Anatomical correlates of ocular motor deficits in cerebellar lesions

Brain. 2009 Aug;132(Pt 8):2114-24. doi: 10.1093/brain/awp165. Epub 2009 Jun 30.


Humans are able to stabilize the images of moving targets on the retina by means of smooth pursuit eye movements. After the pontine level, all smooth pursuit pathways pass through the cerebellum. Previous animal studies gave evidence that two specific lesion sites within the cerebellum cause smooth pursuit disorders: those of the flocculus/paraflocculus and the vermis including lobule VI, VII, the uvula and the deep cerebellar nuclei. To date, there have been only a few lesion studies in patients with smooth pursuit disorders that do not allow direct comparison with a control group. In the present study, new lesion mapping techniques determined which cerebellar structures were involved in patients with deficits of smooth pursuit eye movements, slow phase of optokinetic nystagmus (OKN) and fixation suppression of vestibulo-ocular reflex, i.e. in eye movements that are considered to belong to the smooth pursuit system. The aim was to elucidate whether there is an anatomical and clinical link between these different eye movement disorders. Seventeen patients with acute, mainly unilateral cerebellar infarctions and an intact gain of the smooth pursuit system were compared with 11 patients with cerebellar lesions and deficient gain of sinusoidal smooth pursuit eye movements by means of lesion-mapping imaging. In addition, lesion analyses were conducted in subgroups with impaired fixation suppression of vestibulo-ocular reflex and deficient gain of the slow phase of the OKN. The uvula and partly the vermal pyramid were found to be the structures commonly damaged in patients with deficient gain of the horizontal sinusoidal smooth pursuit eye movement, of the slow phase of the OKN and impaired fixation suppression of vestibulo-ocular reflex; and were less involved in patients with intact smooth pursuit system. The present data give evidence for an anatomical link between sinusoidal smooth pursuit eye movements, fixation suppression of vestibulo-ocular reflex and the slow phases of OKN implying that the uvula and the vermal pyramid are important structures for generating slow phases within the smooth pursuit network in humans.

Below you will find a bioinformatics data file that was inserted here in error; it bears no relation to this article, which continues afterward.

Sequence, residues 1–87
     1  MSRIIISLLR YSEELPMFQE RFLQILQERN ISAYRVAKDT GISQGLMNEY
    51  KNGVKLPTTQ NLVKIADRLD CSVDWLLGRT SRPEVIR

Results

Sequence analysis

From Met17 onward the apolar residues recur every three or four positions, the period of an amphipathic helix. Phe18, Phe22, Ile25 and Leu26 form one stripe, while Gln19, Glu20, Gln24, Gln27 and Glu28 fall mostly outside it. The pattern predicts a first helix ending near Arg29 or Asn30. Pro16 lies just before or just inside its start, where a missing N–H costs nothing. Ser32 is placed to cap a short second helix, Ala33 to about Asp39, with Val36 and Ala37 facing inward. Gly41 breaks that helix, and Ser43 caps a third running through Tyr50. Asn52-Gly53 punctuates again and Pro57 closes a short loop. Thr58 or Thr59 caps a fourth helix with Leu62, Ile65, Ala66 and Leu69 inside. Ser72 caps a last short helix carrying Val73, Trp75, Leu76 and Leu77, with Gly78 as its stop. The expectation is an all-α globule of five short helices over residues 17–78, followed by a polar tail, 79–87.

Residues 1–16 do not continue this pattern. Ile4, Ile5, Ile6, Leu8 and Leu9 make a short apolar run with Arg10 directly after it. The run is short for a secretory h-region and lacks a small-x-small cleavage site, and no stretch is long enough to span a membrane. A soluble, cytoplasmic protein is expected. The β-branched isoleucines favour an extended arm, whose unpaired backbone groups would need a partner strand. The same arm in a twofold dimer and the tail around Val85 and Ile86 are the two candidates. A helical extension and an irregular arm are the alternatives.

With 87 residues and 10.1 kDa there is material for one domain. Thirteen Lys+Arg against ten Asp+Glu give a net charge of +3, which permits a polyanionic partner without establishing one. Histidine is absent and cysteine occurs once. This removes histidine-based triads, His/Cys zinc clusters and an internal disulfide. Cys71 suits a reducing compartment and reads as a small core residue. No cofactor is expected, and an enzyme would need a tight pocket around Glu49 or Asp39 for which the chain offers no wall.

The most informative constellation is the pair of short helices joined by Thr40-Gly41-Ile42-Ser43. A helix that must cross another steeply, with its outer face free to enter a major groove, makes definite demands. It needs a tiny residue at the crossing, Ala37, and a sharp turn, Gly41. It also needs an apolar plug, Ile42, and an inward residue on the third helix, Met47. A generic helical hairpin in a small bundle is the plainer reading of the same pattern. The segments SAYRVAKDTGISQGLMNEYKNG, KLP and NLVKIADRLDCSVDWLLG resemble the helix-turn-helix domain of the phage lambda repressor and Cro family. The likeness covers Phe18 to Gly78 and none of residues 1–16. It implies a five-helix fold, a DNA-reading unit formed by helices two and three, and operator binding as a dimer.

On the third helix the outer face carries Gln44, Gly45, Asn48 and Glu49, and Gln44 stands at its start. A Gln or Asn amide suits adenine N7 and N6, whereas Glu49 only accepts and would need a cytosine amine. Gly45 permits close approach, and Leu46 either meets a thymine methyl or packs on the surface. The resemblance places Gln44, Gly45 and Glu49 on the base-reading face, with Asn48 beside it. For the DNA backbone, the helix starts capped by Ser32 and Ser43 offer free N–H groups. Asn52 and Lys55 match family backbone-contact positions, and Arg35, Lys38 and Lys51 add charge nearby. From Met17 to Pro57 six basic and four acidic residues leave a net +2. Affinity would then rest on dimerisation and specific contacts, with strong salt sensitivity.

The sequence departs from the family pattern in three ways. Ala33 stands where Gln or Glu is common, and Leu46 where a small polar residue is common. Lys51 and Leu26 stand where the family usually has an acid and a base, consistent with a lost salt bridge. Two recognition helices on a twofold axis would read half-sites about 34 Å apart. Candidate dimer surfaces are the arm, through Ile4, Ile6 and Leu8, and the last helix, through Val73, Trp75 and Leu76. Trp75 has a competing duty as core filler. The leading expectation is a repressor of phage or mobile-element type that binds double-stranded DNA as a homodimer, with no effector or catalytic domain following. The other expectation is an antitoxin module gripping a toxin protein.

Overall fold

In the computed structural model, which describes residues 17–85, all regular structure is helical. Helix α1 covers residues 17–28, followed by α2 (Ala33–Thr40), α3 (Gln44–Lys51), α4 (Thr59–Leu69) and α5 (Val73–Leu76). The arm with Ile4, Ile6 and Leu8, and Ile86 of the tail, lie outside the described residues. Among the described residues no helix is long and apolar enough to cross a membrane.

Publication types

  • Research Support, Non-U.S. Gov't

MeSH terms

  • Acute Disease
  • Adult
  • Aged
  • Aged, 80 and over
  • Brain Infarction / complications*
  • Brain Infarction / pathology
  • Brain Infarction / physiopathology
  • Brain Mapping / methods
  • Cerebellum / blood supply*
  • Electrooculography / methods
  • Female
  • Humans
  • Male
  • Middle Aged
  • Ocular Motility Disorders / etiology*
  • Ocular Motility Disorders / pathology
  • Ocular Motility Disorders / physiopathology
  • Pursuit, Smooth
  • Reflex, Vestibulo-Ocular